'Show trial' claim as Albania accuses Alia

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TIRANA (Reuter) - Albania's last Communist leader, Ramiz Alia, is the centrepiece in what looks increasingly like a political show trial, his lawyer said yesterday. Mr Alia, 68, is accused with nine other former top Communist officials of misappropriation of state funds and abuse of power.

Mr Alia was president from 1985 to 1992. But his trial has quickly zeroed in on events before then, when he was a young Communist and a junior in the Stalinist regime of the late dictator Enver Hoxha.

'The truth is coming out every minute. It's not for economic crimes. This trial is turning into a political event,' his lawyer, Kleanthi Koci, said during a recess.

'This is what they (the state prosecutors) had in mind all along, although the charges did not openly say so. This is the way it seems to be going though I hope it will not end this way.'

Cross-examination on the second day of the trial, in a cramped and stifling Tirana courtroom, focused on events in 1951, when a bomb was tossed into the Soviet embassy, and 1967, when the Communists banned religion.

Presiding Judge Andi Celiku rapped frequently with his fist for silence as the prosecutor, Neshat Fana, questioned a former vice-president, Rita Marko, and a former prime minister, Adil Carcani, about the bombing.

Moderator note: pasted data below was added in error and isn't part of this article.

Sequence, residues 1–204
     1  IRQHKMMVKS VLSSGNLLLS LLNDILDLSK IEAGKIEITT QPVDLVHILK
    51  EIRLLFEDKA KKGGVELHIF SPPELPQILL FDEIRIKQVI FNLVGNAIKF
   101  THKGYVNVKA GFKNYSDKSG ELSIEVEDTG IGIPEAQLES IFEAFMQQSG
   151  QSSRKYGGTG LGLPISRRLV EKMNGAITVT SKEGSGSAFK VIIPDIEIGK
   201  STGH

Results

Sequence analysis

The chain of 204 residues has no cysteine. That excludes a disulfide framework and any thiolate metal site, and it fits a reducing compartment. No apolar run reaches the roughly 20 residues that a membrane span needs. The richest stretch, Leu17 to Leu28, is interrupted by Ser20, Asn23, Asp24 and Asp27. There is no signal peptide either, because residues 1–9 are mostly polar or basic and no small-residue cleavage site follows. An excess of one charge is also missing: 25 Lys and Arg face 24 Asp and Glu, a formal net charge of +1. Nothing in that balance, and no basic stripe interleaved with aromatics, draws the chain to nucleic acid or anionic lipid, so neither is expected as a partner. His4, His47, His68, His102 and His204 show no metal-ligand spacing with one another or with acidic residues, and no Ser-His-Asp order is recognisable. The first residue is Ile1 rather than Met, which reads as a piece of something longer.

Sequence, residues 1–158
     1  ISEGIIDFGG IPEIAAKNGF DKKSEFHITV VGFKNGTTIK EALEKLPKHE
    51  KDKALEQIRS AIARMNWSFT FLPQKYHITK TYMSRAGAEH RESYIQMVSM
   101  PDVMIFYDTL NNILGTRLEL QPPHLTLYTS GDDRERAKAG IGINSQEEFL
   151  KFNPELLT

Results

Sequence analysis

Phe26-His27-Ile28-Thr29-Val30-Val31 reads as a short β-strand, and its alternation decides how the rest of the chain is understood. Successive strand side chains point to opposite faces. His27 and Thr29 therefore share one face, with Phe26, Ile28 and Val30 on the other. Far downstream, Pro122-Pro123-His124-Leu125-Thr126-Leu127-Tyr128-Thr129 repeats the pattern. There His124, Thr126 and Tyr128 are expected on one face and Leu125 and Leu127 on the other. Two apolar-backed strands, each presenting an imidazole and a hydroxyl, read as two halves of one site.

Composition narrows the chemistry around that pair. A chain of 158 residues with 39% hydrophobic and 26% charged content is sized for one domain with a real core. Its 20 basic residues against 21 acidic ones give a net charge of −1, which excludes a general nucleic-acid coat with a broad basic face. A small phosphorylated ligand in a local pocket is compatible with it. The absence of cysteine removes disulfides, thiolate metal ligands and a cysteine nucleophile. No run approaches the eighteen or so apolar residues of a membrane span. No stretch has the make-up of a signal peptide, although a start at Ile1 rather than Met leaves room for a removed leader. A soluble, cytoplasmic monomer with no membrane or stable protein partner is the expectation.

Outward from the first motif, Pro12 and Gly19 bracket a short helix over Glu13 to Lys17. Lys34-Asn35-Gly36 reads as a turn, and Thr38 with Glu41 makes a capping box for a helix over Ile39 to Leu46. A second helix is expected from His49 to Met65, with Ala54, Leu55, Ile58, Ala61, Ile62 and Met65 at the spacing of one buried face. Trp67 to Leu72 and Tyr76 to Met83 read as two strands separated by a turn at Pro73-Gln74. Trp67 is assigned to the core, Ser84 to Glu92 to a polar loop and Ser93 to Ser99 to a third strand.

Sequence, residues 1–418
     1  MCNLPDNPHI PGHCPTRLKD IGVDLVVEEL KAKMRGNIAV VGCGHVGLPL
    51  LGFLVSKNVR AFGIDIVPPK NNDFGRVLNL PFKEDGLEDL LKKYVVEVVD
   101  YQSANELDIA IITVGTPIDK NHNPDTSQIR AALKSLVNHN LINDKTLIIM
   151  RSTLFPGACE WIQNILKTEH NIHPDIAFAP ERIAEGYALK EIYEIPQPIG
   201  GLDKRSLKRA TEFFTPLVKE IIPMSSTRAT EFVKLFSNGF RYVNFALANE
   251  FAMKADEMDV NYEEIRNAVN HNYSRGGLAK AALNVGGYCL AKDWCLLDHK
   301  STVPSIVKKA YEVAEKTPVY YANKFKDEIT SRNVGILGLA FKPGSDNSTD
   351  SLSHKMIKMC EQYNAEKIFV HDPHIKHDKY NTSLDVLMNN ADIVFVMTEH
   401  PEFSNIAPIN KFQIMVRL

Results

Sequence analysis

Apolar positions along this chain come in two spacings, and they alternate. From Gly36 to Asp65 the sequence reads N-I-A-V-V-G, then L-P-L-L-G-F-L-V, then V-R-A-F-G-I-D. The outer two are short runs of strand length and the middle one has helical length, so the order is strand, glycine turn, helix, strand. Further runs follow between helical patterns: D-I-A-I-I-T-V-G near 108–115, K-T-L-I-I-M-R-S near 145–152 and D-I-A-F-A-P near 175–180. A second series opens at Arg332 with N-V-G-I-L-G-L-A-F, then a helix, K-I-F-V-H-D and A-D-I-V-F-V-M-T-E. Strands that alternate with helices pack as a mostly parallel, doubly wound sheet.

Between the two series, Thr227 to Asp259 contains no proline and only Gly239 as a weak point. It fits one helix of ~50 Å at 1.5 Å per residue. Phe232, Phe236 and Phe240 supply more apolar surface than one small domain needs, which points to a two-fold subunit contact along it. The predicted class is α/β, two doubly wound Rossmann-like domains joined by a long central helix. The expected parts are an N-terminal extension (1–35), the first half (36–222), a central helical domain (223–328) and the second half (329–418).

In reprisal for the attack on the embassy of their then staunchest ally - in which no injuries were caused - 22 suspected opponents of the regime were killed, buried in a mass grave and, it is alleged, 'convicted' in a fake trial staged only later.

Mr Koci, rising to the defence of Mr Alia who was mostly silent, protested when the prosecutor linked his client to the two issues. Earlier, Mr Alia said he was 'a nobody in 1951' and could not be held responsible for actions taken then by the police or government.

On Saturday, Judge Celiku dismissed a demand by Mr Alia that the trial should be televised live. Mr Alia, apparently confident that he still has some support and sympathy among Albanians, had argued that the people had a right to see everything.